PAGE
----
1. Thanks to Sabio Lentz for pointing out a confusion in my translation. Susīma is a devaputta, and I had left the term untranslated at first. A devaputta is a human being who has been reborn in the devaloka i.e. the realms of devas. The word literally means "son of a deva" - just as Sāriputta is the "son of (his mother) Sārī". They often seem to retain a sense of connection to the manussaloka or realm of human beings. There is no obvious single English word that conveys this concept that is unique to India. PED suggests "angel" but this is so wrong as to be laughable. Still unable to choose a better translation I've opted to use 'deva' which should be more straight-forward, and at least does not introduce foreign ideas into the discourse.

Image: a Sri Lankan monk from Scribner's magazine. 1891. I imagine Sāriputta would have looked a bit like this.

23 September 2011

In My Eye

In my eyeI'VE COMMENTED BEFORE on the episode where the Buddha speaks to Bāhiya in a post entitled "In the Seen...". He begins the famous speech with: "in the seen, only the seen; in the heard only the heard...". This is somewhat cryptic, but I noted that I had found another sutta which acts as a commentary on the Bahiya incident: The Māluṅkyaputta Sutta is in the Saṃyutta Nikāya (SN 35.95 PTS: S iv.72).

My translation of part of the text says:
Having seen a form with mindfulness [sati] forgotten,
attending to the delightful appearance;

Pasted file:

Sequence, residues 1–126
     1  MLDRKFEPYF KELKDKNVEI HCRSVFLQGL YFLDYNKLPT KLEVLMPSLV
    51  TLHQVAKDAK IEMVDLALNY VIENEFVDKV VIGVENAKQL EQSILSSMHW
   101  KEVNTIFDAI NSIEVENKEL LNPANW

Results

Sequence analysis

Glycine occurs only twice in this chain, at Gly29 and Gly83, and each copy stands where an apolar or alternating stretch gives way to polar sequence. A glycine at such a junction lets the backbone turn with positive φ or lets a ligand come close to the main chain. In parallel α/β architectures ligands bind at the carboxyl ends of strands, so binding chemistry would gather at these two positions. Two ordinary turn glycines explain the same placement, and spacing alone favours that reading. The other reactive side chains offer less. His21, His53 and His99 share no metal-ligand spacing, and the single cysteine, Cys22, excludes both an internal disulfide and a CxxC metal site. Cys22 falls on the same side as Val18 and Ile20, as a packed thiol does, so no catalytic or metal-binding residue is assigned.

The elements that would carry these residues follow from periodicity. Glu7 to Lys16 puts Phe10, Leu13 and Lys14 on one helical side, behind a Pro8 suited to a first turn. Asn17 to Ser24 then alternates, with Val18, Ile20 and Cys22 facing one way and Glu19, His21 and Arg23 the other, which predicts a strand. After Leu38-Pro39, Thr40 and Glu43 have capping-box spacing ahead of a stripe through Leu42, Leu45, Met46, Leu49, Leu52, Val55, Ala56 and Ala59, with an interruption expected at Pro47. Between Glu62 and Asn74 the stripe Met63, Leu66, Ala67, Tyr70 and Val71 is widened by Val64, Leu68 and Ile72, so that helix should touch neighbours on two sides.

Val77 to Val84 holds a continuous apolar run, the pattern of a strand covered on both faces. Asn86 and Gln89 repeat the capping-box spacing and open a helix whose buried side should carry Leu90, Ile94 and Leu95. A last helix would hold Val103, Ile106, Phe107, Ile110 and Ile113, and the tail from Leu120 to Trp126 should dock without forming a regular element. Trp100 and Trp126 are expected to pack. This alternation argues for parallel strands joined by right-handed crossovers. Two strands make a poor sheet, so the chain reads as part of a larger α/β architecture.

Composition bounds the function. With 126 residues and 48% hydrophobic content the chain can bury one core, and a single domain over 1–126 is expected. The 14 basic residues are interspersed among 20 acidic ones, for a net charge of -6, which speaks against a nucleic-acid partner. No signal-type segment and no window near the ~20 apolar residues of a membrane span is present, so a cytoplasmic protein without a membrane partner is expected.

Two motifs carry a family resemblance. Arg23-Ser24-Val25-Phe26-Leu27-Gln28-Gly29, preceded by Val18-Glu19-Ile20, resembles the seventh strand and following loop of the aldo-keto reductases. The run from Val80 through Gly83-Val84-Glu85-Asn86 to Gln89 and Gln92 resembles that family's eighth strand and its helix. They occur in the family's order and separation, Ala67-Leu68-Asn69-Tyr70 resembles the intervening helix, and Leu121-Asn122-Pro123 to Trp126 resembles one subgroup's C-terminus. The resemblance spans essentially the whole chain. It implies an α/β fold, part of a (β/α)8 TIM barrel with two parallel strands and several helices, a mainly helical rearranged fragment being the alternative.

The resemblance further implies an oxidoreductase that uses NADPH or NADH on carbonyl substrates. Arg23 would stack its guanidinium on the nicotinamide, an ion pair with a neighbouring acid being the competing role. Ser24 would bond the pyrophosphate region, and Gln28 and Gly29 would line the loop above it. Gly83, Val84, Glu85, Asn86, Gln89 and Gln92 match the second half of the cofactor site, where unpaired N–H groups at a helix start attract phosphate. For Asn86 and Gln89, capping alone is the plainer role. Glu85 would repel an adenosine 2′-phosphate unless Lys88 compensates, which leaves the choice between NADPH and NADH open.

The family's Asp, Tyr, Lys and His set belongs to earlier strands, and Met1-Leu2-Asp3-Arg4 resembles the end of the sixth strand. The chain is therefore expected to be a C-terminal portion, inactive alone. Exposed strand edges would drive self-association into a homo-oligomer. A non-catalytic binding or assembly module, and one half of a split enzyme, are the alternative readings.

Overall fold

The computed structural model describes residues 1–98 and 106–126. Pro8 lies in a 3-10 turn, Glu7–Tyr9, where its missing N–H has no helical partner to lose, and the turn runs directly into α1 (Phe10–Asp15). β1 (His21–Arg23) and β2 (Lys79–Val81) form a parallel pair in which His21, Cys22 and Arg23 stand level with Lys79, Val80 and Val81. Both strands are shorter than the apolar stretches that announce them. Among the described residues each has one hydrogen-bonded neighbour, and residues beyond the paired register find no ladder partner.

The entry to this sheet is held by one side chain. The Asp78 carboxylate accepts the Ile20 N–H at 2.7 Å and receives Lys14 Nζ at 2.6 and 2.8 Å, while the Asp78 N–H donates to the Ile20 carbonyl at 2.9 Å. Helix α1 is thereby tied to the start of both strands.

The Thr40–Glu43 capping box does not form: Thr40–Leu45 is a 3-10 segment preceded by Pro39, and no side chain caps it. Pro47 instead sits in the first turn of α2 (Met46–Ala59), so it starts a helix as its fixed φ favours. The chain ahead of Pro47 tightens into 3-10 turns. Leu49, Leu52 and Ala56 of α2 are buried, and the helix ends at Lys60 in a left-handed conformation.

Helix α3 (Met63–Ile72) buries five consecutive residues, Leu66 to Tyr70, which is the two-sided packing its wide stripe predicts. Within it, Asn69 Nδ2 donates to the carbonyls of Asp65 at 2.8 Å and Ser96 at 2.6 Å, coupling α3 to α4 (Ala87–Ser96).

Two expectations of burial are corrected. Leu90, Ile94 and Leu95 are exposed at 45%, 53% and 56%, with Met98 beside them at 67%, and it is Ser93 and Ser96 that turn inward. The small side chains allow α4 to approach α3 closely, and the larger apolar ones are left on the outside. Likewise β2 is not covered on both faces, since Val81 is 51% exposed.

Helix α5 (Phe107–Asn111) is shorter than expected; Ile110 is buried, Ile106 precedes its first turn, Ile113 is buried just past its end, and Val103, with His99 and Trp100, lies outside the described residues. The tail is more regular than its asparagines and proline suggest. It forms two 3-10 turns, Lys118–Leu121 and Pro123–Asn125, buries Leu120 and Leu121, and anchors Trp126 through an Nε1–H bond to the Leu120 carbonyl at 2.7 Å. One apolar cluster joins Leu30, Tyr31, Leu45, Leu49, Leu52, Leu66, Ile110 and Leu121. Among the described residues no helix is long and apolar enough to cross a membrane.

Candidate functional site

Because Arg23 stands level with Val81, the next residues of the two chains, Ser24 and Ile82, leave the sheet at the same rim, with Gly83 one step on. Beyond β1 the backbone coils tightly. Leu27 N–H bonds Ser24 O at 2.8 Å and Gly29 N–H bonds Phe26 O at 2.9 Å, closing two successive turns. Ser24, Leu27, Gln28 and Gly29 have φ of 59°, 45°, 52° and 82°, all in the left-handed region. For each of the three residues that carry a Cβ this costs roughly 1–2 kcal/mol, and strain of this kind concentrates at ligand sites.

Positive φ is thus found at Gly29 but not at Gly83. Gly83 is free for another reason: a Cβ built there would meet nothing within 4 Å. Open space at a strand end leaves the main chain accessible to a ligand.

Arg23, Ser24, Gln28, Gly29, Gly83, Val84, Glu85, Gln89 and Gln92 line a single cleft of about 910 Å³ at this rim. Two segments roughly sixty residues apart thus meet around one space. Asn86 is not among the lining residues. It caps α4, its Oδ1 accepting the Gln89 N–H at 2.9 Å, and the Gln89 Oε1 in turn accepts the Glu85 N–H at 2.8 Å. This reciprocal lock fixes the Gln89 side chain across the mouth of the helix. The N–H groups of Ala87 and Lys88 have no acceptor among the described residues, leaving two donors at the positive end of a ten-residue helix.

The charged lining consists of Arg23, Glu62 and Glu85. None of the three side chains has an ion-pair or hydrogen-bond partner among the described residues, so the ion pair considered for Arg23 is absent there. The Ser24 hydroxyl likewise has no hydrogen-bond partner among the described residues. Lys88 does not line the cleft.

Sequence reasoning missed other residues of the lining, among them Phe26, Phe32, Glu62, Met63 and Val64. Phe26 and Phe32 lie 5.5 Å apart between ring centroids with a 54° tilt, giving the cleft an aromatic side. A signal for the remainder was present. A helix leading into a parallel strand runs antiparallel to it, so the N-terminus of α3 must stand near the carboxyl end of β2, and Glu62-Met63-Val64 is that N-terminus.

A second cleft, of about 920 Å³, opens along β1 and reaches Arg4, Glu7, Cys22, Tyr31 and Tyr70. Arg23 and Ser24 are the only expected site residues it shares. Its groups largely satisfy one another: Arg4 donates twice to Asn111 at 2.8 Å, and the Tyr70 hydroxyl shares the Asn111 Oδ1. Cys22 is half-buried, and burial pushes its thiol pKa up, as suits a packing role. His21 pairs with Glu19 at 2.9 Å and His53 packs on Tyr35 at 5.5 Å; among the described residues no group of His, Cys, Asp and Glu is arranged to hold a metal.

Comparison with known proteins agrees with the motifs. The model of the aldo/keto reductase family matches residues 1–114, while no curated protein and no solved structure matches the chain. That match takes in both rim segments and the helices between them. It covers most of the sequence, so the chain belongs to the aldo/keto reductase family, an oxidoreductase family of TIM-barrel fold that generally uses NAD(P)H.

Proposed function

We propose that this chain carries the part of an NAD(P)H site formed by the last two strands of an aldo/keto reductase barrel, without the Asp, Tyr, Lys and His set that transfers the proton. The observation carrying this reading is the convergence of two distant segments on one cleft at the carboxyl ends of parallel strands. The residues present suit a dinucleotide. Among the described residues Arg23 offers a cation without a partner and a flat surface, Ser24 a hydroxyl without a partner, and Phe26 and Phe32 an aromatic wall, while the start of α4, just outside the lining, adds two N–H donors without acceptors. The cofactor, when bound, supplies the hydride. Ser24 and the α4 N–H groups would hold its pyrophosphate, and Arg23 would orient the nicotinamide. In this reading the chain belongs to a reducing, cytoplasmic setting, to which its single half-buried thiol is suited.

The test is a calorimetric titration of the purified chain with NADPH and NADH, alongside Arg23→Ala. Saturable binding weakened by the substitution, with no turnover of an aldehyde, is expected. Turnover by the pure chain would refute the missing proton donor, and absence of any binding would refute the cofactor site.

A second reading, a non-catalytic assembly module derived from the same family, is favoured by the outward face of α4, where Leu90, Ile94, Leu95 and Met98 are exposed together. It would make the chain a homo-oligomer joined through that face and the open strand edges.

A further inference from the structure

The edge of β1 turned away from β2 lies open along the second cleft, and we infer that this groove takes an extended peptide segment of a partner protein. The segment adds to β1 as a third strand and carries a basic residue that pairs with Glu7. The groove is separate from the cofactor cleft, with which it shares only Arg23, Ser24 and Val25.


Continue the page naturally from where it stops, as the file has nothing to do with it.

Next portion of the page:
Experiencing an impassioned mind,
and remaining attached to that;

In him numberless sensations multiply from that form,
Covetousness and worry impair thinking.
Thus suffering is heaped up and nibbāna is said to be remote.
The gist is that without mindfulness, delight in the pleasures of the senses overcomes our minds and our minds are impaired. As a result we heap up suffering and are unlikely to be liberated - we will remain in thrall to pleasure seeking. Those who are mindful, do not delight in the pleasures of the senses, do not heap up suffering, and for them nibbāna is close.

In contemporary Buddhist presentations we usually find the idea that there is something other than the "seen in the seen" attributed to Brahmins. Compare the text above with this passage from the Chāndogya Upaniṣad (CU)
atha yatraitad ākāśam anuviṣaṇṇaṃ cakṣuḥ sa cākṣuṣaḥ puruṣo darśanāya cakṣuḥ | atha yo vededaṃ jighrāṇīti sa ātmā gandhāya ghrāṇam | atha yo vededam abhivyāharāṇīti sa ātmā abhivyāhārāya vāk | atha yo vededaṃ śṛṇvānīti sa ātmā śravaṇāya śrotram || CU 8.12.4 || [1]

Where the eye gazes into space, that is the puruṣa of the eye. The eye is for seeing. The one who experiences "let me smell this" is the ātman. The nose is for smelling. The one who experiences "let me say this" is the ātman. The voice is for talking. The one who experiences "let me hear this" is the ātman. The ear is for hearing.

atha yo vededaṃ manvānīti sa ātmā | mano 'sya daivaṃ cakṣuḥ | sa vā eṣa etena daivena cakṣuṣā manasaitān kāmān paśyan ramate ya ete brahmaloke || CU 8.12.5 ||

The one who experiences "let me think this" is the ātman. Mind is its divine eye. [The ātman] sees the delights and
pleasures of the world of Brahmā, with this divine eye, the mind. [2]